Perhaps listening is more than just being polite. By actively listening we may receive the message that saves us from ourselves, from our egos, from impending doom, and therefore receive the blessings that God has reserved for us.

“Are you talking to me, Lord?”

“I am listening.”

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Joel; Matthew 10

…I will pour out my Spirit upon all people.

Your sons and daughters will prophesy.

Your old men will dream dreams,

and your young men will see visions.

In those days I will pour out my Spirit

even on servants—men and women alike. Joel 2:28-29

…don’t worry about how to respond or what to say. God will give you the right words at the right time. For it is not you who will be speaking—it will be the Spirit of your Father speaking through you. Matthew 10:19-20

12shepherdsvoice_niv500x373 Recently, I have been going to my parent’s house for small group. It isn’t a traditional small group where everyone gathers for Bible study; it is a group where people come to seek the voice of God, to quiet the soul and listen for His still, small voice.

There was a time that I believed that God didn’t speak to His people anymore, but I have come to realize that the only reason I can’t always hear what He is saying is because I’m not always listening, with my ears, my eyes, my mind, my heart. Life is SO busy, and it is very easy to get caught up in the day to day that it can be difficult to hear what God is saying to me.

Sometimes I wonder if it really is God’s voice speaking to me, sometimes I wonder, “Could it just be what I am thinking? My imagination?”

A mighty woman of God shared with me her revelation on God’s voice at the beginning of my faith journey. To paraphrase, when you answer the phone, without looking at caller ID, and it is your father, your mother, your sister, brother, friend, etc., you know who it is simply by hearing them speak. You recognized their voices and don’t need them to reveal who they are. It is the same with God. When you first meet Him, you may need introductions, but as you meet with Him more and more, it becomes easier and easier to identify God’s voice and differentiate between the many ‘voices’.

I have learned to pray for discernment when I am not sure of the source of what I am hearing or seeing – a good barometer is whether or not what I am perceiving is from the Lord is that it is encouraging, edifying, and exhorting and that it lines up with the things He has already told me in His Word.

Whenever I position myself to hear from God, I do, and last night was no exception. I want to share what He communicated to me, because I know that it isn’t just for me:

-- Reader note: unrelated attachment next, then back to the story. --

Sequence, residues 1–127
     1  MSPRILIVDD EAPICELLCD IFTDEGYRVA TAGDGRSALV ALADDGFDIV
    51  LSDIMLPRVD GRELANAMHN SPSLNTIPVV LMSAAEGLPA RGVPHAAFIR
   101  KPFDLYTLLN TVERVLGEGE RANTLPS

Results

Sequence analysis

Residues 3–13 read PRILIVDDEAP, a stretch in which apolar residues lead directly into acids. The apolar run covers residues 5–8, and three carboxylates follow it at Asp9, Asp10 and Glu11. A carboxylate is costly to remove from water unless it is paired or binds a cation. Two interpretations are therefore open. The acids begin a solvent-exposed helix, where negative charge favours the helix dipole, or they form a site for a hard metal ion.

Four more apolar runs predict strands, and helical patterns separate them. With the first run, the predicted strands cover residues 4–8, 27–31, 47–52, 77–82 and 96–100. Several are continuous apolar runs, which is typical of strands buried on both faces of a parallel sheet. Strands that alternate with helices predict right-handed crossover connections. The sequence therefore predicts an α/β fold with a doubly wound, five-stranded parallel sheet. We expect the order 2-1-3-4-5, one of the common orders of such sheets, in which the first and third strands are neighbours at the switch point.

I see a picture of a person in a vast body of water, deep enough that there is no perceivable bottom. I know that this person has been swimming for a while because no land is nearby. The person has stopped – he or she can go no further and can’t go back. Exhausted the person is slowly treading water to conserve energy, understanding that it is only a matter of time before he or she is even able to tread water anymore. Some time has passed and the person begins flailing, a last ditch effort for survival. Out of nowhere a life-saving ring is tossed in front of the person. At first, the person doesn’t even see the floatation device in front of him or her and continues grasping at air in desperation. As I look closer at the floatation device, I see that there is a rope attached to it, but rather than the rope leading to a boat as I would expect, it reaches into the clouds and the other end can’t be seen. I am hearing the words “Life Line”. All the person has to do is realize it’s in front of him or her, ready and available to help…

”I’m here. I’m ALWAYS here – in good times and bad, in sickness and health, for richer or poorer – nothing matters but you – loving you, caring for you, providing for you – the struggles are nothing to Me – they aren’t greater than Me, they can’t defeat Me, they won’t overcome Me, they aren’t ‘too much’ for Me – I love you with and everlasting love, incomprehensible to you, but fully unconditional – reach out, reach out for the life line I’ve thrown you, grab on and hold on tight – I’ll rescue you, I’ll bring you away from the fear, away from the panic, far away from the feeling of defeat. Grab onto Me and hold on tight.

Desperation is no longer yours – you’ll no longer feel like you’re drowning; you’ll no longer be afraid because My life line is yours, grasped tightly in your hand – always there, always rescuing you – hold on tightly to Me – hold on, hold on”…

And then I saw this: CONNEXTION


Yesappa, Thank You for meeting me. Thank You for speaking to me and showing me a piece of Your heart. Allow this word to minister to Your children. Open ears to hear and eyes to see You; and give courage to share what You are speaking. In Jesus’ name. Amen.

Blessings – Julie, Sholavandan, India (written in the U.S.A.)

Unless otherwise indicated, all Scripture quotations are taken from the Holy Bible, New Living Translation, copyright 1996, 2004, 2007 by Tyndale House Foundation. Used by permission of Tyndale House Publishers, Inc., Carol Stream, Illinois 60188. All rights reserved.